Tech Showcase: Choosing a Transducer
In ultrasonic testing, the transducer converts electrical pulses into sound waves while the ultrasonic test instrument generates the initial electric pulse to the transducer and electronically processes the received pulses from the transducer. The transducer is the ear of the system, with a piezoelectric element that transforms electrical pulses into high-frequency sound and vice versa. The most commonly used resonant frequencies are 1, 2.25, 5, 10 and 15 MHz, and the transducer’s resonant frequency may be between 100 kHz and 100 MHz. In addition to the frequency, damping of a transducer is key to its performance, with narrow-band transducers offering more efficiency, but moderate depth resolution. Conversely, broad-band transducers have optimum depth resolution but lower efficiency, with efficiency referring to its ability to convert electrical energy to mechanical energy and back.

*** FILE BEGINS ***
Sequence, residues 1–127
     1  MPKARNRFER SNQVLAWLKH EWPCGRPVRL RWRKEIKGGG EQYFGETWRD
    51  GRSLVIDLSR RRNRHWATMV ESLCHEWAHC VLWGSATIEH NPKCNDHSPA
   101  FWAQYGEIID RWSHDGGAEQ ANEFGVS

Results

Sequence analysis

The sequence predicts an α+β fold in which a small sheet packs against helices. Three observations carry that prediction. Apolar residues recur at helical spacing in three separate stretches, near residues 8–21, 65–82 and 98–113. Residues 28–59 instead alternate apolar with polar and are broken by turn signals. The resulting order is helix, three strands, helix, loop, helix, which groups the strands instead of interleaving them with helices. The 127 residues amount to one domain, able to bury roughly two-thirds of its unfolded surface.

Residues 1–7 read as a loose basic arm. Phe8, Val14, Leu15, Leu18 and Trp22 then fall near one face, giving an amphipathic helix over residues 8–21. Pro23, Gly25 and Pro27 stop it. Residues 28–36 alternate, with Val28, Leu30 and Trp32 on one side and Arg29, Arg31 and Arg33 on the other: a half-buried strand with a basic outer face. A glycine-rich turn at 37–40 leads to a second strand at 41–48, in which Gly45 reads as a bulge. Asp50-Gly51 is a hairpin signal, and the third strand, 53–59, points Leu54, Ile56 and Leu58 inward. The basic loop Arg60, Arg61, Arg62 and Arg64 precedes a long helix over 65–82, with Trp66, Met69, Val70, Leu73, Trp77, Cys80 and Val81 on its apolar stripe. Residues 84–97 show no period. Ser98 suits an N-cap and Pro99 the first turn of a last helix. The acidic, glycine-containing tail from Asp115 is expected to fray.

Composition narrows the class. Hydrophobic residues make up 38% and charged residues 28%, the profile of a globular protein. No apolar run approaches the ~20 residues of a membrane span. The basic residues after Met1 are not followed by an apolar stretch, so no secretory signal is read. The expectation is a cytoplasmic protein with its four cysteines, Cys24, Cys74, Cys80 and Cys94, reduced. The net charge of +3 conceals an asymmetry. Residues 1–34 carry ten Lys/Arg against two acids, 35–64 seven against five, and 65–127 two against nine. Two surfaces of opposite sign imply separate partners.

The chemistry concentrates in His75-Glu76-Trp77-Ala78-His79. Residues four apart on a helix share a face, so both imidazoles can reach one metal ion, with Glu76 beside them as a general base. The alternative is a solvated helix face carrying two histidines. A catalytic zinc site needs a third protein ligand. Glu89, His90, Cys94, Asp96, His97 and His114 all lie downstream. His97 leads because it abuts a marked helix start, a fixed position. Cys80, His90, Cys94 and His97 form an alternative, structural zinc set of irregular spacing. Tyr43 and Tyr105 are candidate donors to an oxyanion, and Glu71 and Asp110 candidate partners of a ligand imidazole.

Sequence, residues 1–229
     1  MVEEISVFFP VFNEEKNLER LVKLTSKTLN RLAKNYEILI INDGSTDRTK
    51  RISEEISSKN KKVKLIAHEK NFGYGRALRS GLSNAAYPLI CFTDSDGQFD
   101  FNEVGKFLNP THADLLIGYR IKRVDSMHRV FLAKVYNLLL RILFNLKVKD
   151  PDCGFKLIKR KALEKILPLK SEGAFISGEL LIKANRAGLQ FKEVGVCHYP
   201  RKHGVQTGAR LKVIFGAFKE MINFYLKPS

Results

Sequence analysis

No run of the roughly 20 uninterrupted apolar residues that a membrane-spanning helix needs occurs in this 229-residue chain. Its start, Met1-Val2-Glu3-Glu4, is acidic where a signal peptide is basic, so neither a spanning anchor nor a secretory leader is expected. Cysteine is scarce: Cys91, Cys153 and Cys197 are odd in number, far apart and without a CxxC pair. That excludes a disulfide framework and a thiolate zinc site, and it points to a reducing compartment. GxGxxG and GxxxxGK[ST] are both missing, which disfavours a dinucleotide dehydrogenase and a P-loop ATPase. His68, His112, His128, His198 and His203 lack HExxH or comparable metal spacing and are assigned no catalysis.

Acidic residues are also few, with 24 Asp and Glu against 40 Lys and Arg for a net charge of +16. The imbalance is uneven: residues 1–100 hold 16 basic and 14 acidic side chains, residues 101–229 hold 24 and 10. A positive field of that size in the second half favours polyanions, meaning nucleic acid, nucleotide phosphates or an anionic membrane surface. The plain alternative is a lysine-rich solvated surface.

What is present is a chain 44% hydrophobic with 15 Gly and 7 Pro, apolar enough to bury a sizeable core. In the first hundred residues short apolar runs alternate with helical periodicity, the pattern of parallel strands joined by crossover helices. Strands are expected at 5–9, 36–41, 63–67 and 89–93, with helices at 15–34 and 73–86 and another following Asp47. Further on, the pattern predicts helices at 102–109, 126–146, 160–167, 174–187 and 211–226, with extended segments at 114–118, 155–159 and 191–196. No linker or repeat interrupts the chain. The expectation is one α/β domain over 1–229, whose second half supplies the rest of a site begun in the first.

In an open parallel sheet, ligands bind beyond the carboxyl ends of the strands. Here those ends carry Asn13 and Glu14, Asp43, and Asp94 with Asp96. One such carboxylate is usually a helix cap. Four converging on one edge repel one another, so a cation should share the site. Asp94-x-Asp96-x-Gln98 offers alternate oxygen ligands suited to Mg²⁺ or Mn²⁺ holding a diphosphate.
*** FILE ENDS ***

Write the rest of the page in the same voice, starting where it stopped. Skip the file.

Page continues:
Several different types of transducers are commonly used today, including contact, delay-line, dual, angle beam, immersion and multielement. Transducers can be electrical, electronic or electro-mechanical, as seen with this range of products. This technology review highlights several different types of equipment, allowing quality professionals to consider which product works best for their application.
This gage sensor uses linear glass scale technology. The main advantage of this principle is that operators can maintain high, consistent accuracy throughout its entire range. The GS-7710 produces measurements to 0.00004 inch, and throughout its 10-millimeter measuring range. Also, a dust bellow is provided for extra protection to enable accurate measurements in a harsher environment. Endurance testing shows this sensor may be used beyond 5 million strokes. The GS-7710 comes equipped with an attached six-foot signal cable that can be directly connected to an array of remote displays with various outputs. The outputs are not only compatible with PCs, but with many SPC data acquisition systems on today’s market. If operators require more than the standard 6-foot cable length, they may easily add on extension cables up to 100 feet.